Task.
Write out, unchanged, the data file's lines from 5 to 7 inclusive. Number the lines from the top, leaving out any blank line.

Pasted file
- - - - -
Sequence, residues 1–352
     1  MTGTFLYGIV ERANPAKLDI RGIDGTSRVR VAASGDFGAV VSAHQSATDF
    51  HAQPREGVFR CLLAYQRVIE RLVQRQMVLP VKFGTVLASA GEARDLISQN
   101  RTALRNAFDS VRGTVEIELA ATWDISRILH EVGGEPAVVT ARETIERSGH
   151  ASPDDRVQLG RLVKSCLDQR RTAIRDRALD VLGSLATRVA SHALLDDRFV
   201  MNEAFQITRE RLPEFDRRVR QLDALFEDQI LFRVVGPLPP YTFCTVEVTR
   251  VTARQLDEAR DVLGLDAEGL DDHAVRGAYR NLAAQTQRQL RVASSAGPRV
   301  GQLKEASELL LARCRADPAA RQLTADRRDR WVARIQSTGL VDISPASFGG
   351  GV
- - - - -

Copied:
   151  ASPDDRVQLG RLVKSCLDQR RTAIRDRALD VLGSLATRVA SHALLDDRFV
   201  MNEAFQITRE RLPEFDRRVR QLDALFEDQI LFRVVGPLPP YTFCTVEVTR
   251  VTARQLDEAR DVLGLDAEGL DDHAVRGAYR NLAAQTQRQL RVASSAGPRV